Accessibility links

Breaking News

Greek Cypriot Presidential Election Considered Most Crucial in History of Republic - 2003-02-15

Greek Cypriots will vote in presidential elections Sunday, 12 days before a United Nations-imposed deadline for Greek and Turkish Cypriots to reach a deal on reunifying the island so that both sides can join the European Union next year.

They are probably the most crucial elections in the history of the Republic of Cyprus. The eventual victor will have the task of concluding negotiations with the Turkish Cypriots later this month. If no deal is reached, only the Greek Cypriot southern part of the island will be able to sign an EU accession treaty in April and join the wealthy bloc a year later.

Cyprus has been divided since 1974, when Turkish troops occupied the northern third of the island in response to a coup sponsored by the military junta that ruled Greece at the time. The junta wanted to unite Cyprus with Greece. There are still 30 to 40-thousand Turkish troops in the north, and Turkish Cypriots have set up a mini-state there that is recognized only by Turkey. The two sides have been cut off from each other for nearly a generation.

United Nations Secretary-General Kofi Annan has invested time and energy in drawing up a plan he thinks can lead to a settlement of the Cyprus problem once and for all. Negotiations between the two sides have been stepped up, but, so far, the talks have made little progress.

Mr. Annan's representative on Cyprus, Alvaro de Soto, says he hopes the elections will not disrupt the negotiations. "Some of my predecessors have told me that elections on Cyprus can be the cemeteries of good ideas and good opportunities. My hope, my trust, is that the Greek Cypriots, both the people and the leaders contesting the election, will show sufficient political maturity so that the electoral fray doesn't end up dragging into it what should be the overriding goal, which is the reunification of the country," he said.

Mr. Annan's plan calls for Cyprus to be reunited as a confederation of two component states that would largely run their own affairs but be linked through a weak central government. The plan also calls for a reduction in the size of the Turkish Cypriot entity and a limited return of refugees to the north, provisions to which Turkish Cypriot leader Rauf Denktash has strongly objected.

Ten candidates are running for the presidency of the internationally recognized Greek Cypriot south, but only three are considered to have any chance of winning.

The incumbent, Glafcos Clerides, 83, says he is running for re-election because it is not wise to change negotiators midway through the talks. He says he will only serve for 16 months, until Cyprus formally joins the European Union. He has not campaigned actively, preferring to concentrate on his talks with Mr. Denktash.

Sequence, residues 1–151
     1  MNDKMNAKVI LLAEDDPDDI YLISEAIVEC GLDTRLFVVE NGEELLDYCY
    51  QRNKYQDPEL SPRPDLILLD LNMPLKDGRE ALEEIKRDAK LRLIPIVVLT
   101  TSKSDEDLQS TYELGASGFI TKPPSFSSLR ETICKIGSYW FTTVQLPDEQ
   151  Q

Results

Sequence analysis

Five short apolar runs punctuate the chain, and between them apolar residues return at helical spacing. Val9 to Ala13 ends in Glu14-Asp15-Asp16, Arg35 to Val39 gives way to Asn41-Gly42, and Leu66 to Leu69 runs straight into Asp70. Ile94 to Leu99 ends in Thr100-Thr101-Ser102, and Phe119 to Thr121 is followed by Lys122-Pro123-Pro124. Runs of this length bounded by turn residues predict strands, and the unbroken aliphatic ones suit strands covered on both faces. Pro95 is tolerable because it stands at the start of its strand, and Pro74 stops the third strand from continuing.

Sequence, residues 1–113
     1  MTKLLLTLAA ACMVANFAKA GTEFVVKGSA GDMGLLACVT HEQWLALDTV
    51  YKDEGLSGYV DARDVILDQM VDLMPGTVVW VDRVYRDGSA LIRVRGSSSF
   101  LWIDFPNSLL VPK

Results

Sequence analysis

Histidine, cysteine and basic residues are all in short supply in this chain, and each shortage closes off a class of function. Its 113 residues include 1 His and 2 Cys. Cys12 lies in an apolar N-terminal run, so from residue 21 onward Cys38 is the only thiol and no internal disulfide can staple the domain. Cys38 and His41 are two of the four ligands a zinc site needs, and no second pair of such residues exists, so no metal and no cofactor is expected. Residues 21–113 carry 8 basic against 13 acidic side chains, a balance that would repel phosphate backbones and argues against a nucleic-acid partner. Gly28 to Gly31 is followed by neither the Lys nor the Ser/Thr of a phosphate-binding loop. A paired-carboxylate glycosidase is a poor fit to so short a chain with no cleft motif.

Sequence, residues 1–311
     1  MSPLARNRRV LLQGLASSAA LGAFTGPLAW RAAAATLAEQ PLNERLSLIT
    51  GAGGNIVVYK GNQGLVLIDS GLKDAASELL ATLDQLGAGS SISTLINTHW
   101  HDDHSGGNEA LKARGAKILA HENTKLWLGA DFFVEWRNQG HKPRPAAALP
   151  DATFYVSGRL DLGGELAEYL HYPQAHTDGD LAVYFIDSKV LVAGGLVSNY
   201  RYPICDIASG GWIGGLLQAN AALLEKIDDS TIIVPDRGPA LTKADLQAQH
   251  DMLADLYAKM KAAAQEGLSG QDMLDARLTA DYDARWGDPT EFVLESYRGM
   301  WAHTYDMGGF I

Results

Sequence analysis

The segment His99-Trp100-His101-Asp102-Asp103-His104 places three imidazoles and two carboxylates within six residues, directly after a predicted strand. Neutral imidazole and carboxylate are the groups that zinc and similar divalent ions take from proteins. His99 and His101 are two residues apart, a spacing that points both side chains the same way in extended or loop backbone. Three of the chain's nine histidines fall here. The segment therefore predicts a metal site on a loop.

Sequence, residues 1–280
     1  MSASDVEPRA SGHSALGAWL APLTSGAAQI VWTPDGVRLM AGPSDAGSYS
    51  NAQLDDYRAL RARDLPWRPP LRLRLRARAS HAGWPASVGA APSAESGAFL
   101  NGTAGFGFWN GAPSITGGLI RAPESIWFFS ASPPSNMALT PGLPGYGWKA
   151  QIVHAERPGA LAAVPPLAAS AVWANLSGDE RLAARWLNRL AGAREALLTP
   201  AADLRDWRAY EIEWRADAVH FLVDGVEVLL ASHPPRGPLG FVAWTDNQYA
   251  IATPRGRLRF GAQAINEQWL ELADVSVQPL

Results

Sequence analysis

Leading the polls is his main challenger, Tassos Papadopoulos, a wealthy right-of-center lawyer and former member of the nationalist Greek Cypriot guerrillas who fought the British in the 1950s. He has the support of the Communists, the biggest party on the island, and, in some quarters, is considered unwilling to negotiate with the Turkish Cypriots, an impression he has sought to dispel.

Running third in the polls is Alecos Marchides, the attorney general and a former close aide to Mr. Clerides.

Neither of the front-runners is expected to get a majority in Sunday's election, which means Mr. Clerides and Mr. Papadopoulos are likely to go into a run-off a week later.

Costas Yennaris, the political editor at the Cyprus Broadcasting Company, says a poll commissioned by his organization shows that 84 percent of the Greek Cypriot population is in favor of the Annan plan as a basis for negotiations.

"No matter what the position of each of the candidates is on specific parts of the plan, the fact remains that they accept it as a basis for negotiations leading to a solution. In my assessment, there is no way that whoever wins will be able to walk away from the Annan Plan. It's there. It's going to be there after the elections," he said.

Many Turkish Cypriots are putting pressure on Mr. Denktash to sign on to the Annan plan, despite his reservations. If he agrees to reunification under the U.N. plan, the EU would offer more than $200-million in aid to the north, open up European markets, and encourage the development of tourism in the isolated mini-state.

But Mr. Denktash is resisting the pressure and now says the election of Mr. Papadopoulos, the man who is leading in the polls, would close the door to any solution. That suspicion of Mr. Clerides' challenger runs deep among Turkish Cypriots, even among those who favor the Annan plan, like Suleyman Erguclu, the editor of the newspaper Kibris.

"Mr. Papadopoulos is a hard-liner. I'm sure he will try to do everything to prevent such a solution...If there's a change in the south, it may affect the flow of events," he said.

Western diplomats in Nicosia say they fear Mr. Denktash might use a Papadopoulos victory as an excuse not to continue negotiations. They say the veteran Turkish Cypriot leader still insists on international sovereignty for his mini-state, a non-starter as far as the U-N, the E-U, and the Greek Cypriots are concerned.

As time runs out for a deal, Secretary-General Annan is making a last-ditch effort to reach an agreement. He is scheduled to arrive in Cyprus at the end of the month with revisions to his plan aimed at accommodating requests from both sides. The diplomats say the message from Mr. Annan will be take it or leave it.